In the year after the coup, the armed forces and police slaughtered up to 30,000 Chileans for their beliefs and associations. A quarter of the organized work force was dismissed for political reasons. Every labour right was suspended and most labour federations were demolished. The regime’s opponents were tortured, kidnapped, exiled, jailed, and sent to concentration camps.

With his opponents kidnapped, jailed, or in exile, and the union movement crushed, the General reversed 35 years of economic development. Pinochet’s monetarist model was supervised by Chilean economists trained at the University of Chicago. Starting in 1975, the “Chicago Boys” reduced import duties, deregulated industry, eliminated limits on foreign investment, sold public enterprises at low prices, freed the prices of basic necessities, and privatized government services, including schools, universities, health care, pensions, parks, prisons, and utilities,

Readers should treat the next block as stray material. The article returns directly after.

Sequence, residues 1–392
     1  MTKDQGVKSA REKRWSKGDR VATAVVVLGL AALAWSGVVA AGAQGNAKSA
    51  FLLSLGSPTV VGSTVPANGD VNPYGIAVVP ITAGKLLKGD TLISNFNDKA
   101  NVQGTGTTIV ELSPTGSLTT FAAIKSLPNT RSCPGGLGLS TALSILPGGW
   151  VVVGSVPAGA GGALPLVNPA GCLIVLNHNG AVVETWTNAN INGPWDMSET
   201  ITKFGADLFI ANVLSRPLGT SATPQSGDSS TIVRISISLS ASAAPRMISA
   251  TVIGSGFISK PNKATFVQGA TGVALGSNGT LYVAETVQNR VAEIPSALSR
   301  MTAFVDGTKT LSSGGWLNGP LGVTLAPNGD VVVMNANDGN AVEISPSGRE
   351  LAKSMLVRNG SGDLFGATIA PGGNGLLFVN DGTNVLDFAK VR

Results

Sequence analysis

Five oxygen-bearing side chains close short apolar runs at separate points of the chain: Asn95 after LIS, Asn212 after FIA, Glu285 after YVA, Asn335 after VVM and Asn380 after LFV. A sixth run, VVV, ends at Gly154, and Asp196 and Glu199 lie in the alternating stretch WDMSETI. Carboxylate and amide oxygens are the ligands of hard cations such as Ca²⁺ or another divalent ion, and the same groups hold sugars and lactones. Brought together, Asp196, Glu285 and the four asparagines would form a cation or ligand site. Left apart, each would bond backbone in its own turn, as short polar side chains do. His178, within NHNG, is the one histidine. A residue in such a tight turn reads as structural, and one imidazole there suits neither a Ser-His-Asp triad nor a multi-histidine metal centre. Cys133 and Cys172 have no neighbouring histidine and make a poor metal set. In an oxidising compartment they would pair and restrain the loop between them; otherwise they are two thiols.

Pinochet’s policies decimated Chile’s manufacturing base and drastically increased poverty and wealth concentration. Whereas 20% of the population had been poor in 1970, fully 41% were poor in 1990 (when Pinochet’s dictatorship ended). In one decade, the richest 10% of Chileans increased their share of the national wealth from 37% to 47%. Chile gained the dubious distinction of having the second most unequal income distribution in Latin America, after Brazil.

Pinochet’s authoritarian 1980 constitution set up a political system that favoured right-wing parties and made it difficult for any party to win a significant majority in the Chamber of Deputies.

From 1990 to 2009, Chile has been ruled by elected governments of the Concertacion, a centre-left coalition which includes the Christian Democratic Party and the Socialist Party. Both accept and promote the neoliberal economic system set up by Pinochet, and the Christian Democrats even supported the coup against Allende.